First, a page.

Miami Gardens council members unanimously confirmed Cameron Benson as the new city manager at their meeting Wednesday night. Benson has served on an interim basis since Oct. 1, when Danny Crew stepped down from the position after 10 years.
Benson said he appreciates the foundation Crew set and looks forward to the future of the city.
“I want to bring a lot of energy,” Benson said. “I want to ensure that at activities we have going on, the public safety of businesses and residents in the community is a priority.”
The council lauded his experience, and Councilman Erhabor Ighodaro joked that, “the honeymoon is over.”
Benson last served as city manager in Hollywood from 2002 to 2011. He stepped down after nine years following criticism for his late disclosure that the city had a $10.3 million budget deficit. City commissioners complained they learned of the problem only a month before the next year’s budget had to be finalized.
Benson had been assistant city manager in Miami Gardens since April.
His new salary will be $185,000 annually. Unlike his exit from Hollywood, where Benson received a $300,000 severance package after resigning, if he voluntarily leaves his post in Miami Gardens the city will not have to pay him.
The last major development from Crew’s leadership is the new City Hall, which is expected to be completed by year’s end. The pedestrian bridge, which will lead from the garage to the main building, is set and is expected to be walkable this week. The dais and seating for the council chambers are also expected to be completed this week, according to the construction contractor, Skanska.
Despite this new potential landmark, Mayor Oliver Gilbert spent a portion of the meeting discussing improvements he wants to see in the city. He pointed to the thousands of visitors that descended on Sun Life Stadium for the Miami Broward One Carnival, on Oct. 13, and lamented a continued lack of attractions in the city.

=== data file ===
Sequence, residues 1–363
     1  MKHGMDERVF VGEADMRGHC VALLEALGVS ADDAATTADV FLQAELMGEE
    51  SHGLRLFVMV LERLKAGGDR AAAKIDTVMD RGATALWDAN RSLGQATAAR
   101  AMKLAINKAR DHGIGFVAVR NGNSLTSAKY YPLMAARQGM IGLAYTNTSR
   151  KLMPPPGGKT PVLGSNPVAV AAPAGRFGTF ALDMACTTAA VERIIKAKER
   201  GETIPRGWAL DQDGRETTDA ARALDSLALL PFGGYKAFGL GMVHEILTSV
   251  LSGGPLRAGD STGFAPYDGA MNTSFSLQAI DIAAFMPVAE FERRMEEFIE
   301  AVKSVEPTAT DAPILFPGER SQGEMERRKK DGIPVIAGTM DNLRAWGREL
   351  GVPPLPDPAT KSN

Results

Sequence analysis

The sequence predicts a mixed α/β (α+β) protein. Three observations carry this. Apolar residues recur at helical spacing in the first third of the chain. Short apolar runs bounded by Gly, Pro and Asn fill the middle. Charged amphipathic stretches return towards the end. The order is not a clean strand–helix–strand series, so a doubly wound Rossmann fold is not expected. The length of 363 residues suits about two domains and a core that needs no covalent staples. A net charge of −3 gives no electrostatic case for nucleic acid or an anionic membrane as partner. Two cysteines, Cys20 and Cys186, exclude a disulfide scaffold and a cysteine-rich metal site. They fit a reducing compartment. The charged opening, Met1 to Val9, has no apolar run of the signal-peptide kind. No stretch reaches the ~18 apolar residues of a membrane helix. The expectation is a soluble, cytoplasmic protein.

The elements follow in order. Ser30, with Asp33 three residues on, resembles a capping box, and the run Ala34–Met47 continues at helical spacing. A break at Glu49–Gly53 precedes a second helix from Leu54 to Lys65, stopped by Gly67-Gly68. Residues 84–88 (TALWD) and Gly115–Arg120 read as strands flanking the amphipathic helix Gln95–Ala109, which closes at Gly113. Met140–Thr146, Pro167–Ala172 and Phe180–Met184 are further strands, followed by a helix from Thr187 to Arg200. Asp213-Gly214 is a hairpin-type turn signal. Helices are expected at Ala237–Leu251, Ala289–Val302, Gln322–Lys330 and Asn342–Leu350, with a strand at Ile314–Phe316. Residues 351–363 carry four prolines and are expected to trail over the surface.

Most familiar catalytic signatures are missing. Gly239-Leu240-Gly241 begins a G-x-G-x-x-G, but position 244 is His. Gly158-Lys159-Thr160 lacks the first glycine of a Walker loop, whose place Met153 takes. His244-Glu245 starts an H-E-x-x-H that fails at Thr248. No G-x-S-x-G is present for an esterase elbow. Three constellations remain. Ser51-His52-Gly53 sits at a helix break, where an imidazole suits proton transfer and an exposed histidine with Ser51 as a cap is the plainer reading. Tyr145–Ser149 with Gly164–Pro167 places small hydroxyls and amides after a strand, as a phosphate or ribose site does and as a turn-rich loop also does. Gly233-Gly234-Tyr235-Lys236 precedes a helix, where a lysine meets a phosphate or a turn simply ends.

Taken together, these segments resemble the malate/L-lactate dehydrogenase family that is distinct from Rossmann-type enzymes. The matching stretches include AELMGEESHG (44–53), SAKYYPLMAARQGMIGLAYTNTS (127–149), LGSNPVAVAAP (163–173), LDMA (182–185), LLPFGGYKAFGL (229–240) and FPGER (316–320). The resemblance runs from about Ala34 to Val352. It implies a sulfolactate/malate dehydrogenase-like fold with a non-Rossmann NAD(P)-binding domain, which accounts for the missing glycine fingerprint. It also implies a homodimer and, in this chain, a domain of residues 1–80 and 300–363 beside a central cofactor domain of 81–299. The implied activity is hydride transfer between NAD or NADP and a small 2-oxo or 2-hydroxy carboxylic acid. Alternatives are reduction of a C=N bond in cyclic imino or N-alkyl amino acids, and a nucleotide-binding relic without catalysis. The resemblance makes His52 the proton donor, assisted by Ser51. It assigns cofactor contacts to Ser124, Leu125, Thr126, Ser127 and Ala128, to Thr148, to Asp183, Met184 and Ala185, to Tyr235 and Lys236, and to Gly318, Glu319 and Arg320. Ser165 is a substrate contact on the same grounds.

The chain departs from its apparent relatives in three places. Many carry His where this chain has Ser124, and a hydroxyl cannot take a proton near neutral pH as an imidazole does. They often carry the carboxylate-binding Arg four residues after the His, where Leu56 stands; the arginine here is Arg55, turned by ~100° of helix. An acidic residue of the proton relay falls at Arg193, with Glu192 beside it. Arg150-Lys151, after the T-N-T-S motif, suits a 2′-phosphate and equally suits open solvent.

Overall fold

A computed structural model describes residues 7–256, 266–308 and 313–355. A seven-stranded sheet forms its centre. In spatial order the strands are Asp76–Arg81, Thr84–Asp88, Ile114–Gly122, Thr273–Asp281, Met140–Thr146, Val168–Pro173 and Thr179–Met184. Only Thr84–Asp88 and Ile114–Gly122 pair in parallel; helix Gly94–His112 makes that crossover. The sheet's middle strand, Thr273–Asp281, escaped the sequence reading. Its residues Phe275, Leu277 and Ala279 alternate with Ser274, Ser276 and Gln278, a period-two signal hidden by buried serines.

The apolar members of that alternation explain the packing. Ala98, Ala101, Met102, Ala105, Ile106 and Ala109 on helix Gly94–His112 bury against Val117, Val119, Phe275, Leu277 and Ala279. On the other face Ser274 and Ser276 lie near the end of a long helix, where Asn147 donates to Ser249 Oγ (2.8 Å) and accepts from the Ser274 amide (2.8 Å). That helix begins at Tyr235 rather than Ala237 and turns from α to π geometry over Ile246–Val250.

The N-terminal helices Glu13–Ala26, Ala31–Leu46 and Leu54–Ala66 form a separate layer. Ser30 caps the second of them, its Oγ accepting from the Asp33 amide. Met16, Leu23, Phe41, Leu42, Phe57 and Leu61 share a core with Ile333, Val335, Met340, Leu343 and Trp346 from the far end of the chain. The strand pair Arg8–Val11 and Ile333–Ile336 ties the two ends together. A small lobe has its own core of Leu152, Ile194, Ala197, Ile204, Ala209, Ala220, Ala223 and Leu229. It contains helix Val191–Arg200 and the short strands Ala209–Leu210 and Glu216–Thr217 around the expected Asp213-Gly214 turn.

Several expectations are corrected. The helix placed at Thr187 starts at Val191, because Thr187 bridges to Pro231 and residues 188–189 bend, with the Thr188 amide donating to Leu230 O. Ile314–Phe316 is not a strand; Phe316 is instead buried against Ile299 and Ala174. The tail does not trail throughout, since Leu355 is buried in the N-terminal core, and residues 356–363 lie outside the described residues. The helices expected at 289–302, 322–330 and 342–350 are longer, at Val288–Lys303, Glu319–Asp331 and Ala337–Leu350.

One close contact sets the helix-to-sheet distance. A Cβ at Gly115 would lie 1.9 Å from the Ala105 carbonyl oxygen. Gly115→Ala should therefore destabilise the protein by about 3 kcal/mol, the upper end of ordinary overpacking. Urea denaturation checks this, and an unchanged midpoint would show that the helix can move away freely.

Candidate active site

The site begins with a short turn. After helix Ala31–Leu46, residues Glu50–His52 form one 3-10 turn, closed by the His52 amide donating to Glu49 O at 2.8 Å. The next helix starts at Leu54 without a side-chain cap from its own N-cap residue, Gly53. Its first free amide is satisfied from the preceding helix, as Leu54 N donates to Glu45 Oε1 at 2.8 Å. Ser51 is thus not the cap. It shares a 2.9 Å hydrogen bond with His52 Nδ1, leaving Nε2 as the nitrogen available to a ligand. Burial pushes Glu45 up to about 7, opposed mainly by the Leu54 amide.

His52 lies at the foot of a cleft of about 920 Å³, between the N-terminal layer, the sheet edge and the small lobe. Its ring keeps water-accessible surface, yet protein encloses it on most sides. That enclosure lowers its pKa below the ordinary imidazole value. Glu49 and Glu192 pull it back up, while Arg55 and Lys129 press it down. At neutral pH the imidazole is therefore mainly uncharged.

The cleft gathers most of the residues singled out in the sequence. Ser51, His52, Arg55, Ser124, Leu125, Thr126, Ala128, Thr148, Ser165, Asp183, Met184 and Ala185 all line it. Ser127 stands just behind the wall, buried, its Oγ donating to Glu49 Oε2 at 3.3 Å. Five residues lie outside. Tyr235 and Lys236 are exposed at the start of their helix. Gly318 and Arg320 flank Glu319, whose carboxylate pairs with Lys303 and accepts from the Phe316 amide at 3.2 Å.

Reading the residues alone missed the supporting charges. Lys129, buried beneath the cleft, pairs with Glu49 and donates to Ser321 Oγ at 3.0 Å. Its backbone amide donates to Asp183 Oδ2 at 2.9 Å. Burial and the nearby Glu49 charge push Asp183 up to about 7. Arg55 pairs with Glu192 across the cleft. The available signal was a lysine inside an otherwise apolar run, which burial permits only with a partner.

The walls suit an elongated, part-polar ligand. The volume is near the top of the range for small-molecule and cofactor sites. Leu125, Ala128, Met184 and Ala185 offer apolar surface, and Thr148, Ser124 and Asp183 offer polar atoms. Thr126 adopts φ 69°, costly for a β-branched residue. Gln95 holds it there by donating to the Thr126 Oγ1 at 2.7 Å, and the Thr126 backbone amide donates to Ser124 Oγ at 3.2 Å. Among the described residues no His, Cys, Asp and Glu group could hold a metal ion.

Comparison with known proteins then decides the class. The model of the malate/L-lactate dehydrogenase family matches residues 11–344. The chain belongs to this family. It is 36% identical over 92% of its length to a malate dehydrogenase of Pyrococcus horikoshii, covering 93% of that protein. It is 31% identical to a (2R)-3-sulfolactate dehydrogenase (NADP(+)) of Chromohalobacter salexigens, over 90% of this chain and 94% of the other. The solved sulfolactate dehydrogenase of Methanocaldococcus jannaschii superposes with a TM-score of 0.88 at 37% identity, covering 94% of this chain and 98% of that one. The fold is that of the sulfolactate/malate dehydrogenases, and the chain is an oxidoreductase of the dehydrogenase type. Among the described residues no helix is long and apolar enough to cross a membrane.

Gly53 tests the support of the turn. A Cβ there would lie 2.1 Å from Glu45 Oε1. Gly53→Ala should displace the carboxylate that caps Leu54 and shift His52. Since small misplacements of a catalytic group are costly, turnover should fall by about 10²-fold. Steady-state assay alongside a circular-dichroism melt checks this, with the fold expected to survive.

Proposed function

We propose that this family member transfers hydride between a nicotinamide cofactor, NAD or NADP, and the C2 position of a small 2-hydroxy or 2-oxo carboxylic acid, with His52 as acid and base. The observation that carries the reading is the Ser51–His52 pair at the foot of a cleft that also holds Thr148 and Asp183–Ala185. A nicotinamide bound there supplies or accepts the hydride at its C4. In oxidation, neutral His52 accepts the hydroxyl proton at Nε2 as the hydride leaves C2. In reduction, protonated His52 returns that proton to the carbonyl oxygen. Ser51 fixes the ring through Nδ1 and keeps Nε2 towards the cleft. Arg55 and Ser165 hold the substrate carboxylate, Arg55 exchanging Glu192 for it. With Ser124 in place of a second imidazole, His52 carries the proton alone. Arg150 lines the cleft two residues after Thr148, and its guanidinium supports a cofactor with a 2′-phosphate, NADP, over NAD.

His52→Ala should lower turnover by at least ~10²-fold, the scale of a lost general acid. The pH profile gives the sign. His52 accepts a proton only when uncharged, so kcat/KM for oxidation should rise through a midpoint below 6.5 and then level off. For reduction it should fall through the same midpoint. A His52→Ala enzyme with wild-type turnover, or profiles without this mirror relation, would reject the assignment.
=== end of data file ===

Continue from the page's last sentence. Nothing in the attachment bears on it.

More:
“We have to be used to hosting big events in the city,” Gilbert said. “Having events in the city helps you attract hotels, helps you attract restaurants.”
The mayor also said that after visiting a neighborhood around Northwest 185th Terrace and Northwest 48th Place he was disappointed by the condition of the streets.
“It was deplorable, we are going to fix that,” Gilbert said. “I would not let my son walk down that street. If he can’t walk down that street, no one’s child should walk down that street.”
Gilbert also said the city is still considering purchasing the Carol Mart property, at Northwest 183rd Street and Northwest 27th Avenue, but only if it’s financially feasible.
In other action Wednesday, the council approved a plat for a new 8,700-square foot shopping center, called “Stadium Plaza” at the southeast corner of Northwest 199th Street and 27th Avenue, near the newly opened Sonic Beach restaurant.
“We’re going to build the city,” Gilbert said. “From the seniors at Betty T. [Ferguson Recreational Complex], to the children at Bunche Park. We’re going to build the city.”